MachineBuilding
px

Vision and safety upgrades raise palletiser productivity

FANUC UK Ltdvisit website

 

Myson Radiators has installed a new vision system and machinery safety system to increase the output from a robotic palletiser that was installed only five years ago.

Re-engineering a straightforward robotic palletising cell after only five years might seem excessive but, for one manufacturer, rethinking this operation and utilising newer technology has paid dividends.

Myson Radiators, based in Gateshead, manufactures over one million steel panel radiators per year. Six years ago it took a major step forward by installing a three-robot palletising system. Engineered by a local company, the system was capable of palletising 70 per cent of Myson's extensive range of products – in all, over 923 variants of radiator.

Robbie Forrest, Process Engineer at Myson, explains: "We learnt a great deal from this system, least of all that the robots, in this case three Fanuc M410iA robots, were under-utilised and totally reliant on the speed of the pallet feed conveyors and pallet dispensers. Palletising also relied on radiators being loaded accurately against mechanical stops onto an input conveyor.

"Products also had to be placed onto the correct input conveyor as, each cell had specific products that it could handle. The safety system and pallet arrangement around each robot meant that if a problem occurred anywhere in the cell the robot had to stop operating until the problem had been fixed."

Time to tackle under-utilisation

After five years of the system being in production, Myson's engineers decided to capitalise on their understanding of the system's limitations and the knowledge they had gained on robotics. A clear objective for the new system was that each robot needed to be able to handle as much of the complete range as possible – having to segregate specific products to specific robots was not acceptable, as this was a major contributor to under-utilisation.

Fanuc Robotics UK was contacted to discuss the suitability of using a vision system to identify each radiator's position on the input conveyor; achieving this would mean that each cell would be able to handle the complete range of products, leading to an immediate benefit, and that placement inaccuracies would cease to be an issue.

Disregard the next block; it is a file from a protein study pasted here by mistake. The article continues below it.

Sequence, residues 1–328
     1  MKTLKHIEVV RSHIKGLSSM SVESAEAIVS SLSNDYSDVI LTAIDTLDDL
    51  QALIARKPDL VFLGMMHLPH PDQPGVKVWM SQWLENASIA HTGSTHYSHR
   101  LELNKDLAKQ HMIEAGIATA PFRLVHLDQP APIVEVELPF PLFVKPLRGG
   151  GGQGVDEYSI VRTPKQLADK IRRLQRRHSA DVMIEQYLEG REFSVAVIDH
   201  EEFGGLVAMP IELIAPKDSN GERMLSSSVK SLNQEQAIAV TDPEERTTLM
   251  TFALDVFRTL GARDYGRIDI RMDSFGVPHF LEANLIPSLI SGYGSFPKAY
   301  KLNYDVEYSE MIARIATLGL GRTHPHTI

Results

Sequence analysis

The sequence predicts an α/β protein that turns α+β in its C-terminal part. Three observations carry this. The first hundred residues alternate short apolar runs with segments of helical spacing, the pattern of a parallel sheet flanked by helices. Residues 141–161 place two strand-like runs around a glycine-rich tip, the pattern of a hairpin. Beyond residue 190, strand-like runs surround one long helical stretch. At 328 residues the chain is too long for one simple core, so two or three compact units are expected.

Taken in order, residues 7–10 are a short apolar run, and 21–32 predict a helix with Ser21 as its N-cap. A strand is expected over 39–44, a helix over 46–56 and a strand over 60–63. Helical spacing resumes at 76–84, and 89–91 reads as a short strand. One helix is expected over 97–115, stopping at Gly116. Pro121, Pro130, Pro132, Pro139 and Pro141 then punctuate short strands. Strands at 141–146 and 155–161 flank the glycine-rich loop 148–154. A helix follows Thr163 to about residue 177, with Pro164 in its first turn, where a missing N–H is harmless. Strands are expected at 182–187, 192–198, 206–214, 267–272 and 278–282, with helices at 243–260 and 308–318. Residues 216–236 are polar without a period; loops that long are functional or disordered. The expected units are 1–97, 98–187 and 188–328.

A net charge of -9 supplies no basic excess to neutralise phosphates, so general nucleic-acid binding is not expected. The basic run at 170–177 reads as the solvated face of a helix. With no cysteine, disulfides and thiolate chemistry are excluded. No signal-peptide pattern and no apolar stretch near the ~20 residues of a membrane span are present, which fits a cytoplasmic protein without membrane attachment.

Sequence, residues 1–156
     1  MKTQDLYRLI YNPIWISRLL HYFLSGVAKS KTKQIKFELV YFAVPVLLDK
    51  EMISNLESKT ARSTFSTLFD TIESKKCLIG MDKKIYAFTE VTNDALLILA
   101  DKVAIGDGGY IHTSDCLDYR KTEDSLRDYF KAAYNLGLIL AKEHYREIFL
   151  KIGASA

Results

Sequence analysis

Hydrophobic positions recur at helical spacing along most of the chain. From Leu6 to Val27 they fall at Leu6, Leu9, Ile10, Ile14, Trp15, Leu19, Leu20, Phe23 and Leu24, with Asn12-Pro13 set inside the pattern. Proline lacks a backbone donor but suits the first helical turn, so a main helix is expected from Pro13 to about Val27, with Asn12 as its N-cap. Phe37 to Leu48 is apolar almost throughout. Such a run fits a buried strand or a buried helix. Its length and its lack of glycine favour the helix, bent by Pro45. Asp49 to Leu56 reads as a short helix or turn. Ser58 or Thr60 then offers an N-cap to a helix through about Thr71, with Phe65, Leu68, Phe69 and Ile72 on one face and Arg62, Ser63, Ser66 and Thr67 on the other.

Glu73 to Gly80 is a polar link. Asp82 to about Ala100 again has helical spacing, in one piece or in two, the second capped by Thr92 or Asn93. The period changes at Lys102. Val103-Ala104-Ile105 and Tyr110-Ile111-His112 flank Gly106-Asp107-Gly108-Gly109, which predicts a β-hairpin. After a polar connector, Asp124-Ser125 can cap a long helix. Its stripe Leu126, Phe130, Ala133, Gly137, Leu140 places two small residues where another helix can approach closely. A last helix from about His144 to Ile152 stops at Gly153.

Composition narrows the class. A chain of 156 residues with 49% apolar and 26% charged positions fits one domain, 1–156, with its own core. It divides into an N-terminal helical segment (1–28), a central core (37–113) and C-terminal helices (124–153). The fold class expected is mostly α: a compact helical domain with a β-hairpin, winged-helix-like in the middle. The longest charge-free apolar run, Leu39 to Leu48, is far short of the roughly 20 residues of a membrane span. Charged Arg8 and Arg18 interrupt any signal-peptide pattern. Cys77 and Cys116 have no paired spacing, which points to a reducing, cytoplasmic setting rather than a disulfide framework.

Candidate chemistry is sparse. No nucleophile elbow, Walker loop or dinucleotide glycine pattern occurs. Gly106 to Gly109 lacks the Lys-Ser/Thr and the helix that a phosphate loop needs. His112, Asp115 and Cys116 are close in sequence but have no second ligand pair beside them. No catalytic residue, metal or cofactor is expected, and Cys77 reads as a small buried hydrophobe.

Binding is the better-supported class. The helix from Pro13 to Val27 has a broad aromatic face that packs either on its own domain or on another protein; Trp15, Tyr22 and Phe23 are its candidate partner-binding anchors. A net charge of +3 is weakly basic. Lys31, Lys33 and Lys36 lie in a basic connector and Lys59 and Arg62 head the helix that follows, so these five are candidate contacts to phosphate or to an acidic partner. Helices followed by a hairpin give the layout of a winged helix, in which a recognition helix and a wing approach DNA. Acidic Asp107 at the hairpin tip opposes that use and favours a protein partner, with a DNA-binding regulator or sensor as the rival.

Fanuc's engineers conducted vision system trials with Myson, firstly to prove that the camera could accommodate the large variance in length of radiator – from 300-2200mm – and secondly to define an optimum height for the camera.

The second core objective was to simplify and, in turn, speed up the pallet dispensing process. The original need for dispensers was driven by the requirement to totally isolate operators from the robot's working envelope such that pallets could be automatically positioned in and removed from the cell.

Safety upgrade

Working closely with a guarding supplier and Fanuc Robotics, this was overcome by defining two safety zones on either side of the robot's working envelope. On the robot's base two safety cam switches are fitted to axis one to control the status of the two safety zones – one in each of the palletising positions.

A laser scanner guarding system allows open access to the cell palletising area. However, if an operator attempts to enter a zone where the robot is palletising, the system performs an emergency stop. Under normal operating conditions an operator is able to enter the cell to remove a full pallet, as the robot is mechanically aware of its position and is in control of the laser guard.

Target: 100 per cent

One single robot system is now fully functioning at Myson and the other two Fanuc robots will shortly be commissioned into identical cells. Robbie Forrest summarises: "Out of the 923 different radiators, we have now programmed 80 per cent of them; the intention is to programme 100 per cent. Programming is very straightforward and we plan to hand this responsibility over to the cell operator.

"Implementing the vision and safety technology has allowed the robot to achieve its real potential. Regardless of radiator size, the robot is consistently positioning product onto the pallet within +/-3mm – this gives us a much neater stacked pallet and prevents packaging damage caused by misalignments.

"Capacity of the system has increased dramatically – we know that the cycle time averages out, across the full range, to 6.3 seconds and this gives us a potential of 4000 radiators per eight-hour shift per robot. The cycle time and repeatability of placement is even more remarkable when considering not only the range of sizes but also variance in weight from 5-80kg."

 
© Copyright 2006-14 The Engineering Network Ltd.